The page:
FMSB Publishes New Draft Standard
Posted by Colin Lambert. Last updated: October 13, 2021
The FICC Markets Standards Board (FMSB) has published a draft standard looking at conduct 0f participants in LBMA precious metal auctions – consultation on the draft is open until 3 December.
FMSB says the draft Standard is designed to provide some clarity as to the way in which regulatory and conduct risks associated with the sourcing of liquidity through an auction process which sets the LBMA precious metal price; and how both client and ‘house’ orders in the LBMA auctions, can be managed. The intent, FMSB adds, is to increase the volume of bids and offers submitted to LBMA auctions and improve the quality of price discovery resulting from them, thereby improving the effectiveness of the market.
LBMA auctions establish benchmark reference prices in certain precious metals, however FMSB says it understands that some market participants may not be submitting ‘house’ orders, i.e. those for the submitting institution itself, due to uncertainty over how to treat them alongside client orders submitted for the same fixing.
Given the reference price is used both contractually (for example in derivatives products) and as a guide to the current market price for the precious metal in question by a broad range of market participants including miners, refiners and end-users, market depth and the number of order submissions is critical to producing a representative price.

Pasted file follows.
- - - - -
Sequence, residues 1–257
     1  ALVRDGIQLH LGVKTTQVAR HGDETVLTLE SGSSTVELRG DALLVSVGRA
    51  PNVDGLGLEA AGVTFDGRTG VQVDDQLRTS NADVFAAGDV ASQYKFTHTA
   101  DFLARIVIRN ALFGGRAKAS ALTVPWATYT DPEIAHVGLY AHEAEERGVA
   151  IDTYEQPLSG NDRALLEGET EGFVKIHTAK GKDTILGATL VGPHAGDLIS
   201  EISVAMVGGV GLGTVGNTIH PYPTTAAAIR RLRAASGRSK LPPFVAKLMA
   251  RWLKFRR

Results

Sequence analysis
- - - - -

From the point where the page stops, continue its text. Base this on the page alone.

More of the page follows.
In situations where there are lower levels of liquidity in the LBMA auction the concluding price and the price observable in the market by participants at which the relevant metal is trading outside of the auction process may diverge, FMSB observes, adding increased participation in the LBMA auction, including through the submission of house orders, could help reduce this divergence and thereby further enhance the price formation process across the different liquidity pools – hence the proposed Standard.
The Standard sets out five core principles to be observed, FMSB says that applying them, participants should consider the requirements placed on them by the governing documents and applicable regulation. “In particular, Participants should consider their systems, controls, policies and procedures that cover their use of client confidential information within the bounds of legitimate market-making,” it adds.
The principles covers the submission and management of house and client orders; the use of confidential information (specifically from client orders) as part of the submission process; and the addressing of any conflicts of interest. Underpinning the guidance is the necessity to ensure the client is not disadvantaged by the participant’s actions.
The Standard further discusses the business structure that could help participants manage these risks, including the use of segregated trading desks, and provides examples of how conduct risk can be managed in these situations.
The full paper can be accessed here.